Makes a big difference on the real bottom line.

Initial Cost Of Starting Hawker Stall (Inclusive Of Opportunity Cost)

(Excluding Apprenticeship Fee)

$40,000

Monthly Operating Cost$11,000 – $15,000

Estimated Daily Revenue $1,000 Based on assumption of 200 Customers, average spending of $5
Estimated Monthly Revenue $22,000 22 working days per month
Estimated Monthly Cost $13,000  
Estimated Monthly Gross Profit $9,000

——————————————————————-

Many moons ago when surgeon Susan Lim was trying to portray herself as more sinned against than sinning, I wrote

“Do the breakeven cost of $46,000 include any payments to you in the form of salary, director’s fees or advance payments?”. If they do, these numbers should have been disclosed by her when she bandied these numbers. These would have given an analyst a better understanding of what went into calculating the breakeven.

I’m not accusing Susan Lim or her accountants of anything shady or stupid. I’m juz trying to understand how the numbers she quoted prove that, This was a huge loss-making assignment.

 

 

 

The Hard and Harder Truths about Uber, Grab or Go-Gek

In Financial competency, Public Administration on 13/11/2018 at 10:19 am

They got the funding to burn dollar notes, others don’t.

“Tens of others had technology just as good as Uber that never went anywhere. The difference is Uber has been heavily financed by Wall Street and they’ve raised more than $13bn. We didn’t have the same access to capital.”

He says building Uber’s app might have cost something like $30m but the rest of its huge pile of cash has gone on subsidising rides, offering discounts, effectively buying up the market.

CEO of Autocab talking to BBC: https://www.bbc.com/news/technology-46151994

As Autocab had been providing various services to cab firms for 20 years and was developing apps back before Uber got off the ground, the BBC reporter asked the CEO (Safa Alkateb) the obvious question: why wasn’t this Manchester firm heading for a $120bn (£92bn) IPO and global domination and not the start-up born in San Francisco?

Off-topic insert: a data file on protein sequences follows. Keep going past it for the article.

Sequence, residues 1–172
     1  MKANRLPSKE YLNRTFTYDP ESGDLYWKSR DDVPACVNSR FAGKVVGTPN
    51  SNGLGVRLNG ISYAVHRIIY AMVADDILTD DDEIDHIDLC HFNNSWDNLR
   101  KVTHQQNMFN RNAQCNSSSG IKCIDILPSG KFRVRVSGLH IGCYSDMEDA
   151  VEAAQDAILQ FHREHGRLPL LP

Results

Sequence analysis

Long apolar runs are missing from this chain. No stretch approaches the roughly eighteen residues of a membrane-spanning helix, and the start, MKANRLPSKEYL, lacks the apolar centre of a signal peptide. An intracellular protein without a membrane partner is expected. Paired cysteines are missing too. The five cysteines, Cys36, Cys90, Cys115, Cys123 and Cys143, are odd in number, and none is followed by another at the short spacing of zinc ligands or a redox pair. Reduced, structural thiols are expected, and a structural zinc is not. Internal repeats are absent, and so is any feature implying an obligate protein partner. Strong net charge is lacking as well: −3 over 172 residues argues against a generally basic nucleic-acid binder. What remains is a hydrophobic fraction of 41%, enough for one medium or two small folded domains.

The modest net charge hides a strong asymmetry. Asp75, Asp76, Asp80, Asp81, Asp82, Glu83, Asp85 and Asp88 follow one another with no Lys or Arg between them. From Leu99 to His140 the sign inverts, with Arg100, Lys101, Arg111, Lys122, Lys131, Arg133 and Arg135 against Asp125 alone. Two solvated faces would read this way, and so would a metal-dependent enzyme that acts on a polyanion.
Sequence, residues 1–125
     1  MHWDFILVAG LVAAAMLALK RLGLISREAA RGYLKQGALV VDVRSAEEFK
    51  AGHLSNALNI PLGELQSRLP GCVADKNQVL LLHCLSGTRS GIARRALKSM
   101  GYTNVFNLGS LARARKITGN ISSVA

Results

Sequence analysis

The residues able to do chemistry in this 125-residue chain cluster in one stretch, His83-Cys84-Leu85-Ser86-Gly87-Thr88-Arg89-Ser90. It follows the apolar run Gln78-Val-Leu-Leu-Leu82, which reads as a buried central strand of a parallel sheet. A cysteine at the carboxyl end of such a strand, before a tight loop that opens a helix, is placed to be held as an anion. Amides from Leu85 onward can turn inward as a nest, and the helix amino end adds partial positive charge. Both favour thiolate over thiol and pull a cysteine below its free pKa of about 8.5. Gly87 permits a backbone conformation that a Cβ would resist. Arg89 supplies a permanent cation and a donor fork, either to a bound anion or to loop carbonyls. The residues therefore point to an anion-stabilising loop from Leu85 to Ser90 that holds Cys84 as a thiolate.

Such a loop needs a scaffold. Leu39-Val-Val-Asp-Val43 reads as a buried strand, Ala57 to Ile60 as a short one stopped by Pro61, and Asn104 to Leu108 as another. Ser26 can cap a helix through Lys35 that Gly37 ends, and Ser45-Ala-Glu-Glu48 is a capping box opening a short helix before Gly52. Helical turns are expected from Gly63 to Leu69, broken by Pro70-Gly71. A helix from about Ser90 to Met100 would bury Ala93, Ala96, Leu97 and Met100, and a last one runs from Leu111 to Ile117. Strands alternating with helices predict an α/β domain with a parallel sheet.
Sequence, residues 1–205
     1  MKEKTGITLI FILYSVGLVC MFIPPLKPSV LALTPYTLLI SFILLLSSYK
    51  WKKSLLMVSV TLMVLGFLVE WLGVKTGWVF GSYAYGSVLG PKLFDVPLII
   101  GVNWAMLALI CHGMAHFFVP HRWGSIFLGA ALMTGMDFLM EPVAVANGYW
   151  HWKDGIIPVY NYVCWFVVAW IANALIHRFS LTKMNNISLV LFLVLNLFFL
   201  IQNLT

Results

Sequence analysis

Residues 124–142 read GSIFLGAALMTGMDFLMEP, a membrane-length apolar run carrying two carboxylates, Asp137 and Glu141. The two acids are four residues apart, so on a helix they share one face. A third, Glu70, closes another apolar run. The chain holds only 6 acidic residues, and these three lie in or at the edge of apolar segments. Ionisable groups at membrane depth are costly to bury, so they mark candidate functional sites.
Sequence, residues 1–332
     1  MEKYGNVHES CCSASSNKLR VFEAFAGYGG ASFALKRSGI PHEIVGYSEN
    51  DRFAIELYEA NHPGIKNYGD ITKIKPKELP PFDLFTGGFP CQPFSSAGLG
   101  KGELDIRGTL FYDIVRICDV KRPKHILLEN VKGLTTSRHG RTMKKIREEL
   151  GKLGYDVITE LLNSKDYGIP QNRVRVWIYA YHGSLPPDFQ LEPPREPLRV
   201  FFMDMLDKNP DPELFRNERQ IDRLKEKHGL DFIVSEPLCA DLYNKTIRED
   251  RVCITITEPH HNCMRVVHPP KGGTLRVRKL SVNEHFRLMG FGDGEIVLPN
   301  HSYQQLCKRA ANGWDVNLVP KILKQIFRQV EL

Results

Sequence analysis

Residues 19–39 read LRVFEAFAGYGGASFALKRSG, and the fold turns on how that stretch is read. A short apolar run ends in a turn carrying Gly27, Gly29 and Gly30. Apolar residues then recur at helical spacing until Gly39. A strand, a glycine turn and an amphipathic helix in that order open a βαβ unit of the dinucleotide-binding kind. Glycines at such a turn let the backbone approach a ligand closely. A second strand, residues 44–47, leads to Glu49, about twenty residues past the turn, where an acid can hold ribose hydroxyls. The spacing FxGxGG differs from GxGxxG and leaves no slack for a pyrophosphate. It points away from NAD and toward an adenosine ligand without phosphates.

Safa Alkateb, who spent a career in Silicon Valley before coming home to run Autocab, had a simple answer – money.

The Harder Truth: Uber raised the white flag in S’pore and the region, the winner Grab stopped subsidising fares. Fares rose while incentives for drivers were scaled back.

The throwing of money is aimed at securing a monopoly or near monopoly position.

South-east Asian authorities gained valuable experience as they scurried to respond, suggested Toh Han Li, chief executive of the CCCS* and this year’s chair for Asean’s competition agencies group. The Grab-Uber case “can be considered as the first significant case involving co-operation among Asean competition authorities”, he said.

Nikkei Asian Review

*Competition and Consumer Commission of Singapore

 

Crazy Rich Asians not falling for Ang Moh BS

In Corporate governance, Environment, Financial competency on 28/10/2018 at 9:52 am

EPFR Global the data-tracking firm notes:

“Funds with socially responsible (SRI) or environmental, social and governance (ESG) mandates, with the notable exception of Asia Pacific equity funds, continue to attract fresh money even when the broader geographic groups they are part of struggle.”

 

Akan Datang: New WP Sec-Gen and Chairman

In Accounting, Corporate governance, Financial competency on 10/10/2018 at 10:48 am

I predicted that Bayee would not be WP’s Sec-Gen: WP Low’s anointed one

I was wrong but the I guy tipped to be Sec-Gen will soon be: OK, OK before next GE. Read above link to see who is that person.

Reason? The trial going on involving Bayee, Auntie and Sifu Low.

The trial involving three elected members of the opposition Workers’ Party held Aljunied-Hougang Town Council began last Friday. The stakes are high, and a potential judgment against the MPs could see them bankrupted and disqualified from holding public office.

https://www.facebook.com/notes/remy-choo-zheng-xi/ahtc-trial-what-to-look-out-for/10156061952333737/

While one suit is brought in name of AHTC (Ownself sue ownself), the suits came about because an independent panel (My take on the panel when it was set up) approved by the Wankers’ Party (AHTC accounts: WP outsources decision to recover monies) recommended that legal action be taken against the town council members and others to recover the alleged improper payments.

I do not see any reasonable defence to these claims. Think of all the bad accounting (KPMG report on AHTC: Notice the deafening silence?) and expect the defendants to lose. Related post: Wankers’ Party still blur on audits and accounting.

Low and Auntie, I’ve predicted will not stand in next GE, so at worse their political careers are cut short near the end. Not a happy ending if they are bankrupted but they fought the good fight, keeping alive the flame of Opposition in a dark time.